What is the role of children’s stories in Fanon’s analysis?
Fanon discusses how children’s stories usually focus on adventure. In many cases, they are about white explorers going into “uncharted” lands where “savages” live. Children naturally identify with the hero, which means Black children, too, first of all think they are the heroes in the story. But when they realize that, because they are Black, they are actually the savages, a neurosis begins. In these cultural representations where Black children cannot identify with heroes, they lose a sense of self as well as agency to act in the world.
What is Fanon’s critique of Alfred Adler?
Adler was a psychotherapist like Fanon. However, Adler lacked the social perspective Fanon had. Where Fanon saw social problems relating to an unjust society, Adler saw individual neuroses that were the private problems of one person at a time. In turn, Adler thought we could cure neuroses by having individuals develop a more realistic understanding of the world. For Fanon, the task instead is to change the world. Get rid of racism, and the neuroses produced by racism will go away, too.
What is Fanon’s critique of the “dependency complex”?
M. Mannoni thought that Black people have a natural dependency complex. That means they naturally feel inferior, which is why they accepted colonialism and submitted to the superiority of white people. In contrast, Fanon argues that white people create the inferiority of black people in order to support their own superiority. There is no dependency complex before racism.
To what level are Black men primarily reduced in European society?
According to Fanon, Black men are primarily reduced to the genital or biological level. That means they are not thought of as having brains or minds, but rather solely as having bodies associated with sexual reproduction. This also leads to the fear Black men produce in European society, where they are thought of as rapists from which white women need protection. Black men are over-sexualized and considered beasts.
How does Fanon compare and contrast the experience of Black and Jewish people?
Drawing upon the work of Jean-Paul Sartre, Fanon says both Black and Jewish people in Europe are considered an “Other.” Both are considered evil and inferior to the rest of white society. However, there is a difference in the kind of threat that this evil represents. Jews are depicted as a threat to the economy and political life. Blacks are considered a threat to bodies, because they are primarily seen as biological and over-sexual. Both are Othered, but in different ways.
According to Fanon, how is a Black inferiority complex created?
According to Fanon, racism creates a system in which white people have advantages compared to Black people. White people have more power, and they also have all the cultural representations in which they appear as good and heroic. A Black inferiority complex is created when Black people internalize this social dynamic. Black people begin to think that an economic hierarchy is also a natural hierarchy of humanity, and they interpret the subjugation of Black people as their own inferiority.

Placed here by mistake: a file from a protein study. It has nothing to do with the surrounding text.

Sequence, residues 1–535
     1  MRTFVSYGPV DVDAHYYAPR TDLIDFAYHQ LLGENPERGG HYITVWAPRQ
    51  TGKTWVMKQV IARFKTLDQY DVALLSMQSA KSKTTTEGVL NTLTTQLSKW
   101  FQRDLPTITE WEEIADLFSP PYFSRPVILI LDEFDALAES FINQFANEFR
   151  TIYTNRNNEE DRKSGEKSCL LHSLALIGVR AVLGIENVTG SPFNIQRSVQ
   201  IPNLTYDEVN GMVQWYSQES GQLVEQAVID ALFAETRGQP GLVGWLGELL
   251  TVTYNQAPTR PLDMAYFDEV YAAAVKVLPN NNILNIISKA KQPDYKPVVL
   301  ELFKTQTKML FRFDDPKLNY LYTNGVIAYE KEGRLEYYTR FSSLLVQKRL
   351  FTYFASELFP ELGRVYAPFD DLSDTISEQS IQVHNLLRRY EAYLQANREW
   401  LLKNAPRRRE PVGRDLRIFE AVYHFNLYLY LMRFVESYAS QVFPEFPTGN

How does Fanon describe Black people who “want to be white”?
The first three chapters of Black Skin, White Masks are about Black people who identify the social advantages of being white and therefore want to be white themselves. For instance, this is behind some of the motivations Black people have for dating white people, according to Fanon, because white people seem to provide access to a white world. But inevitably this leads to neurosis, Fanon says, because Black people will always be Black, and running away from Blackness is running away from one’s self.
What is Fanon’s stance on different kinds or degrees of racism?
According to Fanon, there are no degrees of racism. A society is either racist or not. That’s because racism is an absolute evil that attacks the very essence of humanity. There are no degrees to such an evil. Therefore, it is foolish to talk about one society being more racist than another, for instance.
What is the relation between economic and psychological inferiority?
According to Fanon, psychological inferiority, or an inferiority complex, is an internalization of economic inferiority, or disadvantage. Racist societies create different opportunities for Black and white people. Black people receive inferior opportunities. When Black people internalize this objective inferiority as a subjective inferiority, they develop a sense of inadequacy that things are their fault instead of the product of a racist society.
In what context does Fanon discuss the phrase, “Look, a Negro!”?
This quote opens up Fanon’s discussion of the “Fact of Blackness.” Fanon says that people think of themselves first of all as human before they think of themselves as belonging to any kind of identity category, including race. When someone shouts out on the streets in Paris that he is a “Negro” instead of just a “human,” he is immediately dehumanized and forced to confront that, in a racist society, he will always be considered Black before he is considered a man.